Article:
Saturday, September 25, 2010

First Autumn Ride

If you saw my last entry about the last ride of summer, there I was last weekend in jeans and a flannel shirt.  Ironically, here I am for the first long ride of the fall, but in short pants and a tee shirt.  I swear when I was a kid the seasons knew their times and places.  Back then it seemed that summer and its oppressive heat ended on that last day of summer vacation, and when school started the next morning, the temperatures were in the 50's where they were supposed to be and I was wearing a jacket.  It wasn't too many years ago that I remember taking a picture of a lone rose blooming on the bush at the foot of the back stairs two weeks before Christmas. I'm ready for autumn to get here with the colored leaves and all that, and for it to stick around already!

I set out this morning when the girls, both of whom are here for the weekend, were still in bed.  By the time I'd gotten ten miles out of the city that first cup of coffee was ready to escape and it was while tending to that that I decided where I'd head for the remainder of the morning before scooting to mom's and dad's for lunch.  I ended up having the breakfast snack I'd picked up on the potty break in a cemetery somewhere between Glen Lyon and Mocanaqua that I visit now and then simply because it's wonderfully peaceful there and a nice stop on my way south.

When I got to Mocanaqua I crossed the river to Shickshinny and retraced part of the route I took last weekend.  I'd remembered passing by a boat launch access road last weekend, but I'd been rolling too fast then to stop because the traffic was somewhat heavy and the road kind of appears out of nowhere.  Today, though, I had US11 to myself and I noticed the access road with plenty of time to slow down and make the right turn.  There were a good number of boat trailers there with it being such a beautiful day and all.  The sun was shining, the river was calm with only a breeze stirring the surface gently, and the only thing missing was the color show on the trees which were still mostly green.  I plan to head back when the oranges and reds pop out because the setting will be perfect for some delicious autumn pictures.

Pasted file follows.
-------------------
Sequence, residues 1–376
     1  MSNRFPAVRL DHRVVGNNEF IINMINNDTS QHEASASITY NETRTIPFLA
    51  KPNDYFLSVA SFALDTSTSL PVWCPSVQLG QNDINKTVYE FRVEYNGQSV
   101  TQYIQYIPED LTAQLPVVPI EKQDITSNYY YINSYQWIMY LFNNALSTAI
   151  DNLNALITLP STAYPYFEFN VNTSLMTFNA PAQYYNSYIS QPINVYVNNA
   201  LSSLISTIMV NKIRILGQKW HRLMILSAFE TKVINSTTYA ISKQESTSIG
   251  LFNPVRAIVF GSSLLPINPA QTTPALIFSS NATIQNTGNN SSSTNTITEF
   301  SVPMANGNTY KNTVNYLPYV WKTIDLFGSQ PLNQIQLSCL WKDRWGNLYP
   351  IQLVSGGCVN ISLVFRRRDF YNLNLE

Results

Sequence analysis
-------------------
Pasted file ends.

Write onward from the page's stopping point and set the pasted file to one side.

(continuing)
I was going to make mention of "Indian Summer" up there and then didn't in case there are some who'd lament that I didn't call it "Native American Summer," but then, after writing Mocanaqua and Shickshinny, it doesn't make much of a difference because the Indian heritage of the valley is inescapable with the Susquehanna running its length, punctuated by places bearing the names that its original citizens gave them.  Though my ancestors all came from Europe in the late 1800s and early 1900s there's a warm connection to the valley's native citizens who forged the trails which are now our main roads.  When I'm out in the middle of nowhere on the cycle enjoying the natural beauty of this little piece of the planet I sometimes imagine that it's not all that different than it was a few hundred years ago when the valley's original settlers savored the same sights that grace my own eyes now.

Between then and now, when I'm miles from the house with nothing around except what God Himself made, only my horse is a little different.

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